The British model has gathered over 2.9 million Instagram followers thanks to her authenticity and genuine ability to keep it real, all while radiating sexiness and humor. When she stripped down to her bra and underwear on a New York City subway to spread a message about vulnerability, it didn’t matter that she wasn’t wearing clothes because everyone was blown away by her message. Iskra tried every diet under the sun when she was younger, but eventually realized she wanted to embrace being different in the modeling industry, and that’s when her message spread like wildfire.

“Once I convinced myself I could do this, I was able to convince them,” she told SELF, referring to modeling agencies. “I saw it as a way to express myself and show that I’m more than a set of measurements.” Iskra jokes about her “tiger stripe stretch marks” and “cellulite lightning bolts,” but above all of that, she’s changing the lives of so many women.

From her appreciation for McDonald’s to her ability to control her own future, Iskra is telling all, and it’s motivating us to bring on 2017 with confidence, humor, and an unwavering feeling of self-love. Keep reading to see everything Iskra had to say about her journey and the amazing ways she’s transformed.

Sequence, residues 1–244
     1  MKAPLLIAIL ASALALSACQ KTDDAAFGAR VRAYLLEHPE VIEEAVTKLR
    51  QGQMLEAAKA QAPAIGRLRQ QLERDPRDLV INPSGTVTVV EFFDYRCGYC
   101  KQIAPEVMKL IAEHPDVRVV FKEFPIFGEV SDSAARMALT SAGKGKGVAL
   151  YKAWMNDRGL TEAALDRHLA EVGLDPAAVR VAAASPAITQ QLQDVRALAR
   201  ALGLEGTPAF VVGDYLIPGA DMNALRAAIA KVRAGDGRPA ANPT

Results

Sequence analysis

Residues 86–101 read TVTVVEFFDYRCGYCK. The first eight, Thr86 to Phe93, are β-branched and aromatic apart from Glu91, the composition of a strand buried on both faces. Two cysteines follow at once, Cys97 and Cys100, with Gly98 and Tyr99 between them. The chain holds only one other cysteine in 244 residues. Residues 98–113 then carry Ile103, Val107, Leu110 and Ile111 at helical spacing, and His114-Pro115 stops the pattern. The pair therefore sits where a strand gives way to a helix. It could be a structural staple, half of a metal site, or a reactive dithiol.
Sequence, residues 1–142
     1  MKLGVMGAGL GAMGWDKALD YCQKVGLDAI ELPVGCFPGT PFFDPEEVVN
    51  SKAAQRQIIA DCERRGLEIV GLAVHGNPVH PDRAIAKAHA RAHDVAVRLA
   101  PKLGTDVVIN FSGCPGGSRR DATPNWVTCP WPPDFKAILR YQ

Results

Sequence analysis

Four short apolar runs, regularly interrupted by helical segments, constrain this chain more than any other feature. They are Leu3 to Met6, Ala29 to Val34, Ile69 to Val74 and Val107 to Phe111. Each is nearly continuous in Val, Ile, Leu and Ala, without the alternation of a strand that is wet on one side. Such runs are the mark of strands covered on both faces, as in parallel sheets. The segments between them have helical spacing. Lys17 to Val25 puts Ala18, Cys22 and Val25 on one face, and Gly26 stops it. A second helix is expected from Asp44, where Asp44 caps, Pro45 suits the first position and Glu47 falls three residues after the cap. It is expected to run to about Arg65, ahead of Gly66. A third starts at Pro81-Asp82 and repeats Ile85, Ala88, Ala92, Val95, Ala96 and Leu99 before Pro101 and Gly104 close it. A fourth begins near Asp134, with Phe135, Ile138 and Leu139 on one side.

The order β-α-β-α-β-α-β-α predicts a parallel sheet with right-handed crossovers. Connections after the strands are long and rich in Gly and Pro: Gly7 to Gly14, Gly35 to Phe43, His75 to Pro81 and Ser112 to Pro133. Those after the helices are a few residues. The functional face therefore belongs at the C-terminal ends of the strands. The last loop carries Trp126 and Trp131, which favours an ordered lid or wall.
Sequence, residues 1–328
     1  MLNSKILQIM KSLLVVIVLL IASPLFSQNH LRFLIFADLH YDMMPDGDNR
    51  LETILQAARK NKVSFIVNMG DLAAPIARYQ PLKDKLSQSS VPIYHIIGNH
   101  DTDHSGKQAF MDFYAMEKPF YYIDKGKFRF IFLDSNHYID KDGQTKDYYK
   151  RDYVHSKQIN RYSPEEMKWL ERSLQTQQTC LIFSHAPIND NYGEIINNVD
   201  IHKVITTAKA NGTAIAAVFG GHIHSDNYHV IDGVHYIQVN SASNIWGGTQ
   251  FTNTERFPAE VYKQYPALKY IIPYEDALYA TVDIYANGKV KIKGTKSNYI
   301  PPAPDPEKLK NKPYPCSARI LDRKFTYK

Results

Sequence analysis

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The Pull-Up Guide — It's Not as Scary as You Think!

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Despite what you might think, pull-ups are not impossible and can be adjusted for any fitness level. This infamous exercise offers a great upper-body workout that quickly tones the back, arms, and chest. Not only will it make you stronger, but conquering this move will also give an extra boost of confidence and help you feel like you can tackle anything — because, let’s face it, you can.

Beginner Pull-Ups

Assisted Pull-Up Machine: The pull-up machine is a great way to try your first go at pull-ups. The machine uses counterbalance weights, which means the higher the weight you set the machine, the easier the exercise becomes. Start by setting the weight to 20 pounds less than your weight, complete three to five reps, and then adjust the weight accordingly. Here are step-by-step instructions on how to use the assisted pull-up machine at your gym.
Band Pull-Up: With the help of a superband — a giant, two-inch-thick rubber band — you can tackle consecutive pull-ups. All you have to do is wrap the rubber band securely around the pull-up bar, put it under one knee (or one foot for even more assistance), grab onto the bar (stepping off a stool if needed to reach), and begin your pull-up. Superbands are the same length, but the wider the band, the more assistance. Eventually, you will no longer be a “groupie” to the band and will be able to use your body weight!

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Intermediate Pull-Ups

Jump Pull-Ups: Consider jump pull-ups (pull-ups with a jump start) the next level after the assisted pull-up machine. Standing under the bar, jump up to grab the bar, harnessing the momentum of the jump to pull your body and chin to the bar. If your chin doesn’t come close to the bar, don’t give up — this move often takes practice.

Advanced Pull-Ups